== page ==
This week will be my last in teaching. After 30 years on the chalkface
(now an interactive whiteboard face), I'm taking voluntary redundancy. Not, as one scurrilous boy rumoured 'being sacked for writing naughty scenes in that book 'The Fugitive Three'!
After almost a decade teaching at Radyr Comp., I shall definitely miss the good humour, energy and creativity of many pupils. I won't miss the negatives, like rude behaviour and arrogance however. Above all, I feel that creativity (and especially the writing of poetry) has been increasingly marginalised over the years. Pupils do not need to write a single poem for GCSE or 'A' levels. I used to teach 'A' level Lang. & Lit. where they could submit a whole collection of verse: that too, has been cut. Most pupils of all abilities can express themselves imaginatively through poetry. Not so with stories, which require the grammatical strictures and too often borrow plots from recent movies.
Nothing has given me more pleasure than to help the so-called 'less able' to create. In fact, it is often the more recalcitrant pupils who relish poetry and its raw emotions ( not to mention that it can be very short ). I recall one boy who wrote a poem in half an hour in the library about life on the streets. I entered it for the then Miners' Eisteddfod in Porthcawl and he won. When his name was read out in Assembly, it was greeted with stunned silence, followed by bewildered applause.
I've based many stories and poems around my teaching experiences, often embellishing events quite considerably. The story 'Scott Guru' from my book 'Child of Dust' is based on a boy at Radyr who, quite remarkably, came out with the same word as a nonsense one from a song by one of my musical heroes Robert Wyatt. The crazy teacher in that fiction isn't me (I hope!). One poem I wrote about a mad pupil in Merthyr was called 'Flasher' and based on a true incident where a boy chased younger girls with a cucumber attached to his 'plonker'. The offender came looking for me, but I managed to fob him off with some excuse about it being all made up.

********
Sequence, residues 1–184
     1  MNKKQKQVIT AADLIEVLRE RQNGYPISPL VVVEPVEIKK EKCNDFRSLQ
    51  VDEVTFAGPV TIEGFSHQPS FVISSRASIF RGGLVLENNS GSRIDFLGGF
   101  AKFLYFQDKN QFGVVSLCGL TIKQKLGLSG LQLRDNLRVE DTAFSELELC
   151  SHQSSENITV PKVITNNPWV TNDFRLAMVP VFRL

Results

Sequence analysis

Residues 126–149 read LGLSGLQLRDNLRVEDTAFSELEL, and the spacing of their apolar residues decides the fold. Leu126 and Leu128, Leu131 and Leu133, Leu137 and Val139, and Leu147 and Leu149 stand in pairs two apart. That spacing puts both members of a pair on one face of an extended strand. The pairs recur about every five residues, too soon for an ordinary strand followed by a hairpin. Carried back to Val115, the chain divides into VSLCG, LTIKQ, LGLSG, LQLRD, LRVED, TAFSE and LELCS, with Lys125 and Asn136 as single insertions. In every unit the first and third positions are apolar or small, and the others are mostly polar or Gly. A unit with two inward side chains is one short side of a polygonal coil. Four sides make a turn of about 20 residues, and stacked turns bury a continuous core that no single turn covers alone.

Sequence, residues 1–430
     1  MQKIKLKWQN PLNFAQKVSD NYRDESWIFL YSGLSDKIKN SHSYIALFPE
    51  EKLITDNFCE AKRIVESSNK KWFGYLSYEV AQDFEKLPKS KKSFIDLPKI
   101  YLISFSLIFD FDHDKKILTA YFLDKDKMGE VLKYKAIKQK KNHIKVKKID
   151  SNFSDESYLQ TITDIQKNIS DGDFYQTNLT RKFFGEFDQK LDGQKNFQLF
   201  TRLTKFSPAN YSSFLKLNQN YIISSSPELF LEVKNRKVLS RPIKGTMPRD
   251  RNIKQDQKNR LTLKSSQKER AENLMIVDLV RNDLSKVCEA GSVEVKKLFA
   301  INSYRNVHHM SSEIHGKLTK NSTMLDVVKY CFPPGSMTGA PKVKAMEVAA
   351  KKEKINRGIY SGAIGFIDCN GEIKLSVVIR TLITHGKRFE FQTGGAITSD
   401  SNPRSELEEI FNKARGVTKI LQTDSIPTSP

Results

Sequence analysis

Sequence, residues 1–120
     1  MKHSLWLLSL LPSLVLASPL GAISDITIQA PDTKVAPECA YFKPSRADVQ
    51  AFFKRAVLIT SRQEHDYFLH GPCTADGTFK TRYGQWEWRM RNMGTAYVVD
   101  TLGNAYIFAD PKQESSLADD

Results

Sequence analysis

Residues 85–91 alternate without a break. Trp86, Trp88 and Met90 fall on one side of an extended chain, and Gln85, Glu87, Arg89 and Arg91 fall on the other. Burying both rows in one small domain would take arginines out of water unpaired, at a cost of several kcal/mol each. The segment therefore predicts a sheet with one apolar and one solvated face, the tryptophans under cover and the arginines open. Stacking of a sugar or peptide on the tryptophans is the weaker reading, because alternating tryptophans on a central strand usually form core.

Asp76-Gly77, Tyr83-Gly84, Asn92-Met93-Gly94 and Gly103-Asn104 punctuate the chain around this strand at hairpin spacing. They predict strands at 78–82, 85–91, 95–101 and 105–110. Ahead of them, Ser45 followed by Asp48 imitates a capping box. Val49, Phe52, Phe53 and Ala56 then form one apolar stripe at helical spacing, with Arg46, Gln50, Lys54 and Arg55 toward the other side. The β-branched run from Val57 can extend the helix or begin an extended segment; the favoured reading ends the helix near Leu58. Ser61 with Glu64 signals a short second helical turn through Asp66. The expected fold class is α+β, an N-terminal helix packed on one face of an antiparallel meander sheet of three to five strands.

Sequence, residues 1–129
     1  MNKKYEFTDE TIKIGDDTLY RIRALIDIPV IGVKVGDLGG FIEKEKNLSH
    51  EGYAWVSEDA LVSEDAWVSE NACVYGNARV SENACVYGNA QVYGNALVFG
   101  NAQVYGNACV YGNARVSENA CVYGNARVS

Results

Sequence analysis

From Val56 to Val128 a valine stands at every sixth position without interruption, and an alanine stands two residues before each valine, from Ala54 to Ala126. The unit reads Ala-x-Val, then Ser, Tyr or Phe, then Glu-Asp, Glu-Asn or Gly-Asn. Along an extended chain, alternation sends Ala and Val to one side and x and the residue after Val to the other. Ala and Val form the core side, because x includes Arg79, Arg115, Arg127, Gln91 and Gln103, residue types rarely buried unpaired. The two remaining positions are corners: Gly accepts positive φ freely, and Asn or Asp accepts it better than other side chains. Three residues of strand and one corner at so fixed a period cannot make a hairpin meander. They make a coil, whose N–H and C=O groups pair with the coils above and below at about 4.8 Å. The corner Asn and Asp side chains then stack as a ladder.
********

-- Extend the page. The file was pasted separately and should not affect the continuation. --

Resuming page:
Perhaps because I'm leaving, I've recently been writing more about Radyr: a poem about a fox racing down the drive towards the entrance and a boy who ate his planner (in reality, he didn't scoff the lot). The one I've chosen is on a theme I have covered before, in a poem called 'Down Town Writer':
He gave me his mobile
and said 'Listen sir!'
It was time of the Mock Exams
and he wasn't taking many.
He was one of the hoodies
back of the Sports Hall
after school every day fags
late for every lesson stinking
like the old pub smell.
He said - 'See if you can tell
who this is, sir!'
I listened to the rap
the angry, beating hip-hop
the gangster accent
and occasional Kaairdiff twang.
He mouthed every word, every rhyme.
'It's Leon. Him and his mate in his room!'
As the lines shot and stabbed
street-talk of gangs from Ely, Pentrebane,
as if it was ghettos of LA.
Leon, who'd missed every exam,
suspended for swearing at staff,
once squared up to me
and now flinging that poetry :
words he'd sometimes scrawled in his book
between the angry graffiti.